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State Government Offices

  • 601385
  • 419 Flinders Street, Townsville


Also known as
Former Public Curator's Office
State Heritage
Register status
Date entered
13 January 1995
Government administration: Government offices
7.2 Maintaining order: Government and public administration
Leven, Andrew Baxter
Queensland Department of Public Works
Construction period
1928, State Government Offices (1928 - 1928)
Historical period
1919–1930s Interwar period


419 Flinders Street, Townsville
Townsville City Council
-19.26143617, 146.81511878


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Criterion AThe place is important in demonstrating the evolution or pattern of Queensland’s history.

The State Government Offices [Former Public Curator's Office] in Townsville is one of the earliest examples of state government offices built outside Brisbane which reflects the prominence of Townsville as a major regional centre in Queensland in the 1920s.

Criterion DThe place is important in demonstrating the principal characteristics of a particular class of cultural places.

Townsville State Government Offices [Former Public Curator's Office], erected in 1928, is significant as a good example of a building designed by the Department of Public Works in the 1920s influenced by classical revival styles.

Criterion EThe place is important because of its aesthetic significance.

The building forms a prominent landmark on the corner of Flinders and Stanley Streets and contributes to the streetscape value of Flinders Street which is characterised by buildings of similar scale and form.


The State Government Offices were built in 1928 by the Queensland Department of Public Works to accommodate various departmental offices in Townsville in one central location.

Townsville experienced its first phase of major growth when gold was discovered in the nearby town of Ravenswood, in 1868 soon after Townsville was proclaimed a town in 1866. Townsville became the leading regional centre in north Queensland reflected by the construction of the State Government Offices, one of the earliest examples of purpose built offices for state government departments.

The State Government Offices was constructed under the supervision of the Queensland Department of Pubic Works in 1928. The chief architect at the time was Andrew Baxter Leven who was employed by the Department from 1910 to 1951, also associated with the design of the building was another Works Department employee, FL Jones. The building is typical of many other government buildings of the time including the Cairns Court House, City Council building and Post Office, Cairns Post, Maryborough Government Offices and Maryborough Town Hall.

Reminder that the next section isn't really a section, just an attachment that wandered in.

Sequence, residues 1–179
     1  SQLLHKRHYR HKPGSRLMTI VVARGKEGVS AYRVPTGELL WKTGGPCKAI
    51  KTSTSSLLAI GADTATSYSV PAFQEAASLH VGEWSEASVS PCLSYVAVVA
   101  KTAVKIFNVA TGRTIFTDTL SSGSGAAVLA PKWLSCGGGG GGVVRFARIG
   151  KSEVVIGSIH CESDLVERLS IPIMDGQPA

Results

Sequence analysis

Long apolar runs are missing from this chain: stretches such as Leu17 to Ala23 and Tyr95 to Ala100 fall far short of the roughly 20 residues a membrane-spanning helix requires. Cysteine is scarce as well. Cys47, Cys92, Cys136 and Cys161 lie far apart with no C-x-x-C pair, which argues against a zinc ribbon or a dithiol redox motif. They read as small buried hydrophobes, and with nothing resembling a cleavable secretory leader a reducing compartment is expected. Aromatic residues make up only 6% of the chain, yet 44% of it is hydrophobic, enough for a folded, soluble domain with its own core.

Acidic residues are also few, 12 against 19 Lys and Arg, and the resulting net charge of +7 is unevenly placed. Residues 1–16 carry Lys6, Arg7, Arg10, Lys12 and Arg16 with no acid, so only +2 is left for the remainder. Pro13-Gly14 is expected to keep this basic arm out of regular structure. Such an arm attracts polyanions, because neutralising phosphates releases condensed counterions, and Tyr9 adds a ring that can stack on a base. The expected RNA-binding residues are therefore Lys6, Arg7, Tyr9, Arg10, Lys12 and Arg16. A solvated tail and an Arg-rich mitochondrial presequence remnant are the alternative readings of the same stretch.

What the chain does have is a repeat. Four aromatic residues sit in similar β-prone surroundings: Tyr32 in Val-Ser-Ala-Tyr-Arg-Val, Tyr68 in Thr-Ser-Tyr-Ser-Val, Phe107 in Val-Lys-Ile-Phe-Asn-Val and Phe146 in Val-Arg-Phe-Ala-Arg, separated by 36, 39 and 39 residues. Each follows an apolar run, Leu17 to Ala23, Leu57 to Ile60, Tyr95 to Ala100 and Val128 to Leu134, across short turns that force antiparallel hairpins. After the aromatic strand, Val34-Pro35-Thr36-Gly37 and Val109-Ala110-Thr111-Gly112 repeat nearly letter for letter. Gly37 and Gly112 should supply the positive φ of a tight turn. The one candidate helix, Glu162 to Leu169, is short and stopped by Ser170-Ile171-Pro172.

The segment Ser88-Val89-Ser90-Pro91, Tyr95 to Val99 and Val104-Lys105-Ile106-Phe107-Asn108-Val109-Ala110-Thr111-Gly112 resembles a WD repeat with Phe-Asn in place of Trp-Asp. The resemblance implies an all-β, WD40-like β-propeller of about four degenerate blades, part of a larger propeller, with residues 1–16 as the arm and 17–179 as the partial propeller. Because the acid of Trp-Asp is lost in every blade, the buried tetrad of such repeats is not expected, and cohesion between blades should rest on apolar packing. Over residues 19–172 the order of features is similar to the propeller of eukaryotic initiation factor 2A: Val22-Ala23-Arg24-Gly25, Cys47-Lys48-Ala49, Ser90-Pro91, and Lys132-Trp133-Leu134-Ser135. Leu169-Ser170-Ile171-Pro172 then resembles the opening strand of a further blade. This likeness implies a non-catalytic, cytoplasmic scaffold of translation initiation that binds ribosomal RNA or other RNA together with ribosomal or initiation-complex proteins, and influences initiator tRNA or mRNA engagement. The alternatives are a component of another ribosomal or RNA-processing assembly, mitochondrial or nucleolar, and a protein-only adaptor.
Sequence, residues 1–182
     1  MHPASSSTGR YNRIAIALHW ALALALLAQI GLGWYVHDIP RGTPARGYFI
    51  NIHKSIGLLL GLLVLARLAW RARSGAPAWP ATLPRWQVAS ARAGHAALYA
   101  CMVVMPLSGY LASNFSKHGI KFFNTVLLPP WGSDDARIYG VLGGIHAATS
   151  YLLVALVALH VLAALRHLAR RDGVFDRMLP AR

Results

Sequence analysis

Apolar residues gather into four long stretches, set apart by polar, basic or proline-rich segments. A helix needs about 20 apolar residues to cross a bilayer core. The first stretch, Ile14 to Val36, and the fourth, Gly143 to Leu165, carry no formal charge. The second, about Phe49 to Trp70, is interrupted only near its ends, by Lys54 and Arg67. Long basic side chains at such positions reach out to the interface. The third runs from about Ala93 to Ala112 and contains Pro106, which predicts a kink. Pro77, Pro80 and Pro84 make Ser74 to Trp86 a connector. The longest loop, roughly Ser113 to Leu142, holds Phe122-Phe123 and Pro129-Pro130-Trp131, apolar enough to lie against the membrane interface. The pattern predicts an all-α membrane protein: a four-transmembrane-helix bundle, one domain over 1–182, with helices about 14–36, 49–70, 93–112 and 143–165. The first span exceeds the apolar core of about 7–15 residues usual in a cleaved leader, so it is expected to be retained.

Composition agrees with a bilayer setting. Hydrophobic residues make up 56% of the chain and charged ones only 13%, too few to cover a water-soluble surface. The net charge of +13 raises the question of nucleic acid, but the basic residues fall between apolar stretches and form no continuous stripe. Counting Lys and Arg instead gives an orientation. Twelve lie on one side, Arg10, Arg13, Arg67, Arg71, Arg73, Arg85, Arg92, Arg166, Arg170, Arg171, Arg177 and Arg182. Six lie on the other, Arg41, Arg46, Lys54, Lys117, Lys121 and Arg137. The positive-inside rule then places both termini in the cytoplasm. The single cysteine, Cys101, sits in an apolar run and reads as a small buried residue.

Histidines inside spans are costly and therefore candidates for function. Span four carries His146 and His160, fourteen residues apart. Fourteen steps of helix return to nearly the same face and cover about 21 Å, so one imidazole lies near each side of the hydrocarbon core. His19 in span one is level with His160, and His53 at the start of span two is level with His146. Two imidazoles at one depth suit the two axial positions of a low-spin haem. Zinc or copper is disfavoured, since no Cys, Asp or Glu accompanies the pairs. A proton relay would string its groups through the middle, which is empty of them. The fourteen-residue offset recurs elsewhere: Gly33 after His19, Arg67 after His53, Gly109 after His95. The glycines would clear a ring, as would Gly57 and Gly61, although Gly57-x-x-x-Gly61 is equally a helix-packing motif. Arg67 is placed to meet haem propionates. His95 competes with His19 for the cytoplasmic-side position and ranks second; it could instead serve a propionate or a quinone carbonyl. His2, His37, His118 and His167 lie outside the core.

The offices were designed to accommodate a further storey above the entablature. Various State Departments were accommodated within the building including State Insurance, Public Curator, State Children and Health Departments, Titles, Stamp Duties, Lands and Marine, Machinery and Mines. Provisions were also made for the installation of a lift in the event of the third storey being built. The building was designed to ensure adequate lighting and natural ventilation.


The State Government Offices in Townsville is a two storeyed masonry building with a basement. Externally, the building features a rock-faced granite plinth and cement rendered facade. The main entrance, on Flinders Street, is surmounted by a broken pediment with a crest supported on pairs of engaged square fluted columns, and is centrally located within a two storey colonnade. The ground floor storey has an ornate concrete balustrade whilst the upper storey a simple wrought iron balustrade. The corner bays of the building feature colossal order stylised ionic columns. The facade of the building is surmounted by a deep entablature, crowned by a parapet. Internally, the main entrance doors open into a vestibule from which a flight of marble steps, flanked by a pair of ionic columns, leads into the main corridor.

Image gallery


Location of State Government Offices within Queensland
Creative Commons Attribution 4.0 International (CC BY 4.0)
Last updated
20 January 2016
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